FULL OF FIBER
This juicy red fruit is also loaded with fiber. Arils (the tart, individual fruits) pack about five grams per half cup—as long as you eat them with the seed. Sprinkle them on salads, cereal, pancakes, waffles, or frozen yogurt. Or concoct a parfait by layering low-fat vanilla yogurt, arils, and whole-grain cereal.
Adding arils to a diet can help your heart, too. Studies show that compounds called tannins in pomegranate juice may help reduce your risk for heart disease, lower bad LDL cholesterol levels, and reduce oxidative stress levels in arteries. For an easy smoothie, blend pom juice with berries, plain yogurt, and protein powder.
Pomegranates are also rich in antioxidants. Numerous studies show that a diet rich in fruit and vegetables may help neutralize free radicals in the body before they cause disease or premature aging. The antioxidant chemicals in poms may even prevent the return of prostate cancer, according to a UCLA study.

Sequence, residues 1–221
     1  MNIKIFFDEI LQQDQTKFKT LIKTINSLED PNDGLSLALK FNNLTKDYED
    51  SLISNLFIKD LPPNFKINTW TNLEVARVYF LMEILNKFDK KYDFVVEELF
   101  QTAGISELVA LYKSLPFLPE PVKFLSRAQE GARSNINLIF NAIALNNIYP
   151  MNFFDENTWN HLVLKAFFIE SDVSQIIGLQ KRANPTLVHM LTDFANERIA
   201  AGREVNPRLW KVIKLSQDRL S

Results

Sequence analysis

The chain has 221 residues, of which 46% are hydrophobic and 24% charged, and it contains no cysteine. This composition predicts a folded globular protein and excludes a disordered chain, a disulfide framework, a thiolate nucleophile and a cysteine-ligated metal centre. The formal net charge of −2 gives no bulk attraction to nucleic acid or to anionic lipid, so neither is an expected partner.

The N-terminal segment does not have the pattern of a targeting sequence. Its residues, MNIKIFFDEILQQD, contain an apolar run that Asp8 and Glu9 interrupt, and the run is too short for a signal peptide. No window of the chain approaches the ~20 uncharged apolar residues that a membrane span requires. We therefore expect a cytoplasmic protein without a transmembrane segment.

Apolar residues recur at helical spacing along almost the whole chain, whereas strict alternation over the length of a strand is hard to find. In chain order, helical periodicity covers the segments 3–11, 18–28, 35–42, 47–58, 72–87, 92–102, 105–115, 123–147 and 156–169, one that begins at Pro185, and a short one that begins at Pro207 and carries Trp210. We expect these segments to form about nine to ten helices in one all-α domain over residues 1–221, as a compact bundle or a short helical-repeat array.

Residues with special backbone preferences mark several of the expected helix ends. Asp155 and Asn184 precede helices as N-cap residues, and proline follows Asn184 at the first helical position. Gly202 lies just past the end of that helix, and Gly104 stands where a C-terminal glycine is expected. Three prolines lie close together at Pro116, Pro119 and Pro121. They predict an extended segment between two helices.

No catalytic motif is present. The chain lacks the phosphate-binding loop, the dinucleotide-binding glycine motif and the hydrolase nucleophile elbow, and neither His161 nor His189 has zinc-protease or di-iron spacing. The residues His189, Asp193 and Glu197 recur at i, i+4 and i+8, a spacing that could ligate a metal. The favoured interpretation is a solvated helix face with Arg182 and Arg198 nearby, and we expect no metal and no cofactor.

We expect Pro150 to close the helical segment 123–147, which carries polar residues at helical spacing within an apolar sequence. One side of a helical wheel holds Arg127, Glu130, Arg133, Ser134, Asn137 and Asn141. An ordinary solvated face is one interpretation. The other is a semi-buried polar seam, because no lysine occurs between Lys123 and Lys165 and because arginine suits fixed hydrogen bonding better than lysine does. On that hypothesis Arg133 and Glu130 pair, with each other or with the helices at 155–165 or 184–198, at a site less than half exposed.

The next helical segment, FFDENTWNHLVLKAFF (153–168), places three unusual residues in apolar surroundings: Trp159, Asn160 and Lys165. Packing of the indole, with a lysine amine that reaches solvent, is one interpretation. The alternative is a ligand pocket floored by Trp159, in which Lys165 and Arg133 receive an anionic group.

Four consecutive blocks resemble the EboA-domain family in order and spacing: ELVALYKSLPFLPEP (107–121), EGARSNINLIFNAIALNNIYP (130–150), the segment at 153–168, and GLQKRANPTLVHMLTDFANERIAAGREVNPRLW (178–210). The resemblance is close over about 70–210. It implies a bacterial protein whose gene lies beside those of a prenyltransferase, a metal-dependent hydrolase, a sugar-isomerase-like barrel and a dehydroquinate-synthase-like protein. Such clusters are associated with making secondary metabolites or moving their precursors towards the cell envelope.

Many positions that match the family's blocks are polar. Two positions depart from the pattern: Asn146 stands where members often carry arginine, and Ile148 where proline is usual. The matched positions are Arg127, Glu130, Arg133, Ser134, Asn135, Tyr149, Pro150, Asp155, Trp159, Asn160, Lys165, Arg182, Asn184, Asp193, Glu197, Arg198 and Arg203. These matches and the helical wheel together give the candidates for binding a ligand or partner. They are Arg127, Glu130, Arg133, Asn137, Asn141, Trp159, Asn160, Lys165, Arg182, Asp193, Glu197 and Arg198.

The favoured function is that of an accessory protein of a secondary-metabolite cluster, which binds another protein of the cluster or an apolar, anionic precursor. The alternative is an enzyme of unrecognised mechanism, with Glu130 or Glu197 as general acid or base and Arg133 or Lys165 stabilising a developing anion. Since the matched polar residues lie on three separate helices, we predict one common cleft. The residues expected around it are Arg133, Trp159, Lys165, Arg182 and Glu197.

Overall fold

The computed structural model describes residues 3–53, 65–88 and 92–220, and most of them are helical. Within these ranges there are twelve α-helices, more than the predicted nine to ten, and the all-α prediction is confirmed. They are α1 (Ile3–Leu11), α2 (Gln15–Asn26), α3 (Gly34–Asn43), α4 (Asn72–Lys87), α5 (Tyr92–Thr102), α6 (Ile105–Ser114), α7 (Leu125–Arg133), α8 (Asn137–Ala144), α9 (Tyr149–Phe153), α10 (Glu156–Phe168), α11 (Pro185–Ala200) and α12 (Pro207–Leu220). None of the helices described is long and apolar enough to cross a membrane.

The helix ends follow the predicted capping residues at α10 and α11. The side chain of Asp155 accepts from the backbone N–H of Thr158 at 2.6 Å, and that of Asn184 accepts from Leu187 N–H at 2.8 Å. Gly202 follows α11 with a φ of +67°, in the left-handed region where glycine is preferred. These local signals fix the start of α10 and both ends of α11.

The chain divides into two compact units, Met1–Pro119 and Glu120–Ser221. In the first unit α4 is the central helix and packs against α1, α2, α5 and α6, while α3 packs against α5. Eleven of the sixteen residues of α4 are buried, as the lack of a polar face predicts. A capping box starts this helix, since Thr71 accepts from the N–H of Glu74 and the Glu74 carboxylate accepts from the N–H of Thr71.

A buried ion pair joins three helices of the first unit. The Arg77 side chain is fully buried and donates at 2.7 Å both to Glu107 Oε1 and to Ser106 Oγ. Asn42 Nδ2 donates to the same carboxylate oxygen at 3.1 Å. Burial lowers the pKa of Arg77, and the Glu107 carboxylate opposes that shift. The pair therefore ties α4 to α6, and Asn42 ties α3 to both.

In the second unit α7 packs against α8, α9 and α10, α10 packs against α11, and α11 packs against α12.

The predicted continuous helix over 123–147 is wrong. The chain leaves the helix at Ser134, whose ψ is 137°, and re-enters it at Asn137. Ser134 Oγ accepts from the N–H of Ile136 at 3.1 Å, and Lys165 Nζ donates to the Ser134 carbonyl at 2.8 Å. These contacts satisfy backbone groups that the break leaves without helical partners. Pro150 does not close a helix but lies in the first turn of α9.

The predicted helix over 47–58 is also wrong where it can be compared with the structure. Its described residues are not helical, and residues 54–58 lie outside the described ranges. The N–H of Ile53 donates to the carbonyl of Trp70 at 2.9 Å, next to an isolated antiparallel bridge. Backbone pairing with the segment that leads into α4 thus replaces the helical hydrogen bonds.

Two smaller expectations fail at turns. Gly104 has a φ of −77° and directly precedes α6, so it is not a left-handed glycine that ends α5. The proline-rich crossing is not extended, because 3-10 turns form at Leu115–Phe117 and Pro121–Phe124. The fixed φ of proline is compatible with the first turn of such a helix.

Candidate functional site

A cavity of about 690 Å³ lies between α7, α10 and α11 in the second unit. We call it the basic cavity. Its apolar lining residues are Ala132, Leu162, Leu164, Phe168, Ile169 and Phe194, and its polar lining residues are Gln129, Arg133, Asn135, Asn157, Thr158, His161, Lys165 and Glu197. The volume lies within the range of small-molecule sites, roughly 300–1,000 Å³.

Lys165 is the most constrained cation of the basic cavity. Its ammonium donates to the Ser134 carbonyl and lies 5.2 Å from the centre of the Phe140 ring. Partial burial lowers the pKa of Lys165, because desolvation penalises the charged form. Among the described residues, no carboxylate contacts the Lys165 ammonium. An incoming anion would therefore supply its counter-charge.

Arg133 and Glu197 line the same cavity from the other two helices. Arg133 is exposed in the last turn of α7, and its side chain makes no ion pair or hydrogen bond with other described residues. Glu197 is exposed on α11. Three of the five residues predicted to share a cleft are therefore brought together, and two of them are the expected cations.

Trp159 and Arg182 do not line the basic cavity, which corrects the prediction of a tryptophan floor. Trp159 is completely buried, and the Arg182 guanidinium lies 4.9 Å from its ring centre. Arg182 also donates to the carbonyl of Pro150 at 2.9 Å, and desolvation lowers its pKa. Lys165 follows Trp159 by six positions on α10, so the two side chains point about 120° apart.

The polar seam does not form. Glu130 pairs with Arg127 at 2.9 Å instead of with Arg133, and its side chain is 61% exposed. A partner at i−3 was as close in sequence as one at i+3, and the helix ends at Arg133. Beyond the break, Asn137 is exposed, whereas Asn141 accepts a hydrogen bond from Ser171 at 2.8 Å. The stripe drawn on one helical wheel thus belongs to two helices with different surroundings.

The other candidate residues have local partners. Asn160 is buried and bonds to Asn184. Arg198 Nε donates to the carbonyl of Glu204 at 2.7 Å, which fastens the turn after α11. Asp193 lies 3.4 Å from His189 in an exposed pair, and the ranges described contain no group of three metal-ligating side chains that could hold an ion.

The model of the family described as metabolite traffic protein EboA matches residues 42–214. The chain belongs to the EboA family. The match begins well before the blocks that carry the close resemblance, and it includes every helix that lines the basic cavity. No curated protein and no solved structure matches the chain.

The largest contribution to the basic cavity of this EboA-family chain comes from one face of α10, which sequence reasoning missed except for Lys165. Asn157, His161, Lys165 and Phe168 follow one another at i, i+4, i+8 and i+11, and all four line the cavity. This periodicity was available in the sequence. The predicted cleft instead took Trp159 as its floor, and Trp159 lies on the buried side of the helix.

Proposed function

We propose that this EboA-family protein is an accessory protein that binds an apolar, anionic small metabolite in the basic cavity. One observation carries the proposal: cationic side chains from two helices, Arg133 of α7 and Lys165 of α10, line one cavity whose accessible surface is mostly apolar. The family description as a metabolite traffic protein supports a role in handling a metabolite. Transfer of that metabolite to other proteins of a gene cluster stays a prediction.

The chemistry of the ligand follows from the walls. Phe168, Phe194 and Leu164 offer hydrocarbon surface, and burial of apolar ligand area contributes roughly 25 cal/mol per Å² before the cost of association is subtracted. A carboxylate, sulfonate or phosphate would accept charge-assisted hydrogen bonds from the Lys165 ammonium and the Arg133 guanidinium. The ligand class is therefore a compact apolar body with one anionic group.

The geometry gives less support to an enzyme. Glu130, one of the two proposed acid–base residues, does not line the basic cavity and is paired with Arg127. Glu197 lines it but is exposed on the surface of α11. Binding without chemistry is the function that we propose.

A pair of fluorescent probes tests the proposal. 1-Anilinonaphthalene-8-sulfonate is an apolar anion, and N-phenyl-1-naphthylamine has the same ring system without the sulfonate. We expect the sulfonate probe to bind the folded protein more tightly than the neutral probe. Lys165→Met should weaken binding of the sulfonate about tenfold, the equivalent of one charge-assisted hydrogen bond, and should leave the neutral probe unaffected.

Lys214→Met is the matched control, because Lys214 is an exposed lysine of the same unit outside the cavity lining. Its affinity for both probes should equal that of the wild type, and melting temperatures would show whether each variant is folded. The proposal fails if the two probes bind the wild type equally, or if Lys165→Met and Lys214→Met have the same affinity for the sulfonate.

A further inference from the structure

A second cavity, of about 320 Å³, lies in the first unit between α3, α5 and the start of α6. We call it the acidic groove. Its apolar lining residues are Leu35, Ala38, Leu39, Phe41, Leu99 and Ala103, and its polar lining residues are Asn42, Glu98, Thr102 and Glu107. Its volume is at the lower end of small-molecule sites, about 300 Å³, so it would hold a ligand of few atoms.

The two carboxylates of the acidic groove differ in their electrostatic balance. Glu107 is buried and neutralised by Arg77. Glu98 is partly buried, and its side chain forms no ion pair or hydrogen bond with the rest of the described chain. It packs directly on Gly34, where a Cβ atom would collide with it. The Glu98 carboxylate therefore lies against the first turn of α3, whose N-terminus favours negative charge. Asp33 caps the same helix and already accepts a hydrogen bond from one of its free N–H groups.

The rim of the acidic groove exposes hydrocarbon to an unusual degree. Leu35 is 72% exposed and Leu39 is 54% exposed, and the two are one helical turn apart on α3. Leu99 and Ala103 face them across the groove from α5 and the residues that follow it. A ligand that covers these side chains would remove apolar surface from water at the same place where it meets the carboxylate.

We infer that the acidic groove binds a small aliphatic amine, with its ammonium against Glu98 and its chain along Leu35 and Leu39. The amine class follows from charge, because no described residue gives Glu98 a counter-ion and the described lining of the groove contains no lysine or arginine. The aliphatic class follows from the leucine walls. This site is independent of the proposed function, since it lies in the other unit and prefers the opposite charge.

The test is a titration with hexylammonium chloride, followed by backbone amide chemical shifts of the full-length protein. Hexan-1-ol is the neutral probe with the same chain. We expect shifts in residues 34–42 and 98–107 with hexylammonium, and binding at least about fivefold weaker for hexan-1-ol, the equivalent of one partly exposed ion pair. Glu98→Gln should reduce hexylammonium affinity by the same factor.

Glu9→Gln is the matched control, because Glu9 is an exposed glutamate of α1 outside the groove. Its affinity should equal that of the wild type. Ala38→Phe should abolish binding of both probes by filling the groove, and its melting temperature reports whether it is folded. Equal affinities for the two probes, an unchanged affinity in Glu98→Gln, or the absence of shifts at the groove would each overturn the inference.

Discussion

PACKED WITH POTASSIUM
Eight ounces of pomegranate juice supplies about 10% of your daily quota for potassium, a nutrient necessary for energy production and keeping blood pressure in check. To make your own juice, process arils in a blender until smooth, then strain. This way you’ll also get vitamin C, since you’re not heating the juice.
DID YOU KNOW?
How to buy pomegranates: Buy plump pomegranates with intact skin. They’ll keep at room temperature, away from direct light, for a few days, or refrigerate them for up to three months. Arils and fresh juice are good for three days in the fridge. Freeze arils and keep them in airtight containers for upwards of six months.
One in the same: The super-sweet bar staple grenadine is actually made from pomegranate juice. In fact, the sweetener’s name is inspired by the appearance of the palm-sized fruit, which resembles a grenade.